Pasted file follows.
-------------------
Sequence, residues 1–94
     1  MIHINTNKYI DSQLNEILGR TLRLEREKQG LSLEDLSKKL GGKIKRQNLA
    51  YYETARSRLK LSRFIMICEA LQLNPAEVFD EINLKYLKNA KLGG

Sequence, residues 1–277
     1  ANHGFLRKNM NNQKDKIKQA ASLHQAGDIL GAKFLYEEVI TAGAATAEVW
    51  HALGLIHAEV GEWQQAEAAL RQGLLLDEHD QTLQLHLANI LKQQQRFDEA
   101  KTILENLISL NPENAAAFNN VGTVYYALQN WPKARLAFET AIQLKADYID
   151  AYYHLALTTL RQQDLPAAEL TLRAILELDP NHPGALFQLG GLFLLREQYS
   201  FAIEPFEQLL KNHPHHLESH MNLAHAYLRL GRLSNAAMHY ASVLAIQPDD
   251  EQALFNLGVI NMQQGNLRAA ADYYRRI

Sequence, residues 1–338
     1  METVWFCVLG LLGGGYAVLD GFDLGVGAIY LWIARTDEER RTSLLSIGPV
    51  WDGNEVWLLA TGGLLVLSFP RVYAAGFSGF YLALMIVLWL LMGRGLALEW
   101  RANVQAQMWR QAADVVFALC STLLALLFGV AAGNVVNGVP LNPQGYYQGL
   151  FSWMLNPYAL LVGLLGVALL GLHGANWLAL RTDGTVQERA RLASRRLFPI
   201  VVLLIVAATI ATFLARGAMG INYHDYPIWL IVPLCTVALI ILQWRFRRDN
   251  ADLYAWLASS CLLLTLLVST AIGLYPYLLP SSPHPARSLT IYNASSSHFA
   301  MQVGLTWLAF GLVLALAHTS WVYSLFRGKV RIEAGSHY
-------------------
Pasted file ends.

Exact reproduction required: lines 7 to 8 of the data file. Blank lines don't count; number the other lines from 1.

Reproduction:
   101  KTILENLISL NPENAAAFNN VGTVYYALQN WPKARLAFET AIQLKADYID
   151  AYYHLALTTL RQQDLPAAEL TLRAILELDP NHPGALFQLG GLFLLREQYS